26. “Let’s list all of the people you love.”

Anais Nin is credited with the quote, “Anxiety is love’s greatest killer.” If that statement is true, then love is anxiety’s greatest killer as well. By recalling all of the people that your child loves and why, love will replace anxiety.

27. “Remember when…”

Competence breeds confidence. Confidence quells anxiety. Helping your children recall a time when they overcame anxiety gives them feelings of competence and thereby confidence in their abilities.

28. “I am proud of you already.”

Knowing you are pleased with their efforts, regardless of the outcome, alleviates the need to do something perfectly – a source of stress for a lot of kids.

29. “We’re going for a walk.”

Exercise relieves anxiety for up to several hours as it burns excess energy, loosens tense muscles and boosts mood. If your children can’t take a walk right now, have them run in place, bounce on a yoga ball, jump rope or stretch.

30. “Let’s watch your thought pass by.”

Ask your children to pretend the anxious thought is a train that has stopped at the station above their head. In a few minutes, like all trains, the thought will move on to its next destination.

31. “I’m taking a deep breath.”

Model a calming strategy and encourage your child to mirror you. If your children allow you, hold them to your chest so they can feel your rhythmic breathing and regulate theirs.

32. “How can I help?”

Let your children guide the situation and tell you what calming strategy or tool they prefer in this situation.

33. “This feeling will pass.”

Often, children will feel like their anxiety is never-ending. Instead of shutting down, avoiding, or squashing the worry, remind them that relief is on the way.

Free Ebook: 72 Phrases to Calm an Anxious Child

34. “Let’s squeeze this stress ball together.”

When your children direct their anxiety to a stress ball, they feel emotional relief. Buy a ball, keep a handful of play dough nearby or make your own homemade stress ball by filling a balloon with flour or rice.

35. “I see Widdle is worried again. Let’s teach Widdle not to worry.”

Create a character to represent the worry, such as Widdle the Worrier. Tell your child that Widdle is worried and you need to teach him some coping skills.

36. “I know this is hard.”

Acknowledge that the situation is difficult. Your validation shows your children that you respect them.

37. “I have your smell buddy right here.”

A smell buddy, fragrance necklace or diffuser can calm anxiety, especially when you fill it with lavender, sage, chamomile, sandalwood or jasmine.

38. “Tell me about it.”

Without interrupting, listen to your children talk about what’s bothering them. Talking it out can give your children time to process their thoughts and come up with a solution that works for them.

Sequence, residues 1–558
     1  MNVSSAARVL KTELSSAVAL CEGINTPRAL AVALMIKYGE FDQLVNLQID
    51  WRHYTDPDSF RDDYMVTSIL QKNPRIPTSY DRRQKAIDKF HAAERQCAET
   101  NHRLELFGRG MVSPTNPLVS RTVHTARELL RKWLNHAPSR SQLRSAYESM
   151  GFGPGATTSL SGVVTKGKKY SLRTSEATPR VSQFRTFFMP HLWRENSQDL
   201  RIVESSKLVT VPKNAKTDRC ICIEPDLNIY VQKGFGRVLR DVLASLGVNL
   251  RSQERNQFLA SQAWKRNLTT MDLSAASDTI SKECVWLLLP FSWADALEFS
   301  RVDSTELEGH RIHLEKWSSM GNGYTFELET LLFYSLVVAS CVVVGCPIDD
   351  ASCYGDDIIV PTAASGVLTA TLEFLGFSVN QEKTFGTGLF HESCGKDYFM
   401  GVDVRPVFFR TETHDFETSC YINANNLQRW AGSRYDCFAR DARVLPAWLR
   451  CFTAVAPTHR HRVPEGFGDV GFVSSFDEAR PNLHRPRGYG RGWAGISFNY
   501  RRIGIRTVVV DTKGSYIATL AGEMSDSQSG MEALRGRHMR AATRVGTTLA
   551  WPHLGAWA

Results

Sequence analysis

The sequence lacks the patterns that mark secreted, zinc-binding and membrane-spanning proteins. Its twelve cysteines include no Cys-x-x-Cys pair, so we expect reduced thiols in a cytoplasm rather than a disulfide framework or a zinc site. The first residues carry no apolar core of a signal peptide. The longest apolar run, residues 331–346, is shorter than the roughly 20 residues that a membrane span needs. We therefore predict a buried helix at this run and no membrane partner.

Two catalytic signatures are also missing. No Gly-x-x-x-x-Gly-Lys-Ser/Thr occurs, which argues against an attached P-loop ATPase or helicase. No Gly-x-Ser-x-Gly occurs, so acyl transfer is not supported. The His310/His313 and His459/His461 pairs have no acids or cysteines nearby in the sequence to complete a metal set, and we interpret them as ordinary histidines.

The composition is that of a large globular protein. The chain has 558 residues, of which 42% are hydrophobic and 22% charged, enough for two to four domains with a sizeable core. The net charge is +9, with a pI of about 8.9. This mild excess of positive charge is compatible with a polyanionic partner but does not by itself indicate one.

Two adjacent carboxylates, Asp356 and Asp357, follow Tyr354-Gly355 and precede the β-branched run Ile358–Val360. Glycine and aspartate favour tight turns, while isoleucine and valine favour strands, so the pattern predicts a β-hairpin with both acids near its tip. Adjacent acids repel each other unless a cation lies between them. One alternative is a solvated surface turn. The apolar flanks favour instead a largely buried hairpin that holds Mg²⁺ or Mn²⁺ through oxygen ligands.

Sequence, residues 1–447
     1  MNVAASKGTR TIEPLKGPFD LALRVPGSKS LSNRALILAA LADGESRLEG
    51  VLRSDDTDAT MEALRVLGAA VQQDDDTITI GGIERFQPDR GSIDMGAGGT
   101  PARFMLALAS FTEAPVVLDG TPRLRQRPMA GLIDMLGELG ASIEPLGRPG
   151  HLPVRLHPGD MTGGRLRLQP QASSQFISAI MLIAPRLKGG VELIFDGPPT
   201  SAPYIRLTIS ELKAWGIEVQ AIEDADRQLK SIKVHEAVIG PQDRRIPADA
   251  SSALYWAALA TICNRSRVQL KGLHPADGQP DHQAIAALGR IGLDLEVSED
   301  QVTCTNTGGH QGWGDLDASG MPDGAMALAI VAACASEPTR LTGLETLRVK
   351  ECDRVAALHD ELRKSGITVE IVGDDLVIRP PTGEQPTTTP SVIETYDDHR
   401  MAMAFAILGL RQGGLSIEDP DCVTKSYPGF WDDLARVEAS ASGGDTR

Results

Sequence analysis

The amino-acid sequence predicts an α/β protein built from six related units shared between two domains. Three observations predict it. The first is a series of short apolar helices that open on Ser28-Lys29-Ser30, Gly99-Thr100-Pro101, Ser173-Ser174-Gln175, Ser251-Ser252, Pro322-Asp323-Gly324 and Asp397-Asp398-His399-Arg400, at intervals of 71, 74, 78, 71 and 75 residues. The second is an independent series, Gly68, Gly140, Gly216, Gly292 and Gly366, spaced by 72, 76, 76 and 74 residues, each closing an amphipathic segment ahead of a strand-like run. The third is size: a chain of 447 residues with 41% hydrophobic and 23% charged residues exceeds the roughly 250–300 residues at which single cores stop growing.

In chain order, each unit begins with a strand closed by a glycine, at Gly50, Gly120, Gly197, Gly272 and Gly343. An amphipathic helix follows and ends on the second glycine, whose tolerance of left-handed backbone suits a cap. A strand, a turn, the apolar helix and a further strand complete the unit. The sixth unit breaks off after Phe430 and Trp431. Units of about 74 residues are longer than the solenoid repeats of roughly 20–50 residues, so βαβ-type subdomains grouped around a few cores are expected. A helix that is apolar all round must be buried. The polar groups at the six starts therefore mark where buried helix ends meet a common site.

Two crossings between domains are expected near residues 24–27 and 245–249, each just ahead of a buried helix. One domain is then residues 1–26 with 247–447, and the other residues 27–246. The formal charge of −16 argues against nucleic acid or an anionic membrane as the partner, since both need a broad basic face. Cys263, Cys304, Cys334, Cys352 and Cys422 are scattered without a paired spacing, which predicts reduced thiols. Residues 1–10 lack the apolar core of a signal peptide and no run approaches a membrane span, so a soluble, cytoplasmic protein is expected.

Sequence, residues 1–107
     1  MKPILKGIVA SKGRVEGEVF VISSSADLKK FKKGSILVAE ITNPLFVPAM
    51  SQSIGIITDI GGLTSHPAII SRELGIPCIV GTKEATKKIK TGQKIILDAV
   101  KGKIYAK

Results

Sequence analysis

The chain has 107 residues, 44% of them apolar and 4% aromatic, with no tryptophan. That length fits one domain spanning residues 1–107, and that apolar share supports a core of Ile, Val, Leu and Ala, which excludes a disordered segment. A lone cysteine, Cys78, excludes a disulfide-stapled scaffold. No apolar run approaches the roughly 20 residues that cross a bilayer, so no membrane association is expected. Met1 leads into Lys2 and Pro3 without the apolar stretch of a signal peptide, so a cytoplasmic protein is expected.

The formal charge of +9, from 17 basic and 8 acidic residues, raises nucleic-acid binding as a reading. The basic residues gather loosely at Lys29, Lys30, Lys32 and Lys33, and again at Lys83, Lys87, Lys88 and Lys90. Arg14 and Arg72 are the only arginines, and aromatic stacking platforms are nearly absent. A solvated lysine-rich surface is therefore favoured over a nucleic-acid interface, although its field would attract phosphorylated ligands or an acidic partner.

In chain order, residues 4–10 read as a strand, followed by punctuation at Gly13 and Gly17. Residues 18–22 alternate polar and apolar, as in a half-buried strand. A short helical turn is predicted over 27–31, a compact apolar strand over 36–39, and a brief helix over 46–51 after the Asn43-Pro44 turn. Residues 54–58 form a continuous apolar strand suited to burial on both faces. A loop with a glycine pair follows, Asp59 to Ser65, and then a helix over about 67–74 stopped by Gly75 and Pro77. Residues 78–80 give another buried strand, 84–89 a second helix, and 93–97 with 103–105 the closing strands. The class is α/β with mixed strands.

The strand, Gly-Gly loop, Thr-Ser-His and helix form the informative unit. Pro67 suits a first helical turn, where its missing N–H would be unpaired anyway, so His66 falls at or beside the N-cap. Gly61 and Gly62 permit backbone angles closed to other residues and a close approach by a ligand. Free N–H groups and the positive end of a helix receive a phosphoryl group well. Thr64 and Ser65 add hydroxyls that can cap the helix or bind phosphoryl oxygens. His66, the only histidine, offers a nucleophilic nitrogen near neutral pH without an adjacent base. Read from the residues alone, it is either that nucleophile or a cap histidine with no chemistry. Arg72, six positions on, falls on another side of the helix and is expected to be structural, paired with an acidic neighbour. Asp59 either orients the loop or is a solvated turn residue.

39. “You are so brave!”

Affirm your children’s ability to handle the situation, and you empower them to succeed this time.

40. “Which calming strategy do you want to use right now?”

Because each anxious situation is different, give your children the opportunity to choose the calming strategy they want to use.

41. “We’ll get through this together.”

Supporting your children with your presence and commitment can empower them to persevere until the scary situation is over.

42. “What else do you know about (scary thing)?”

When your children face a consistent anxiety, research it when they are calm. Read books about the scary thing and learn as much as possible about it. When the anxiety surfaces again, ask your children to recall what they’ve learned. This step removes power from the scary thing and empowers your child.

43. “Let’s go to your happy place.”

Visualization is an effective tool against anxiety. When your children are calm, practice this calming strategy until they are able to use it successfully during anxious moments.

44. “What do you need from me?”

Ask your children to tell you what they need. It could be a hug, space or a solution.

45. “If you gave your­­ feeling a color, what would it be?”

Asking another person to identify what they’re feeling in the midst of anxiety is nearly impossible. But asking your children to give how they feel with a color, gives them a chance to think about how they feel relative to something simple. Follow up by asking why their feeling is that color.

46. “Let me hold you.”

Give your children a front hug, a hug from behind, or let them sit on your lap. The physical contact provides a chance for your child to relax and feel safe.

47. “Remember when you made it through XYZ?”

Reminding your child of a past success will encourage them to persevere in this situation.

48. “Help me move this wall.”

Hard work, like pushing on a wall, relieves tension and emotions. Resistance bands also work.

49. “Let’s write a new story.”

Your children have written a story in their mind about how the future is going to turn out. This future makes them feel anxious. Accept their story and then ask them to come up with a few more plot lines where the story’s ending is different.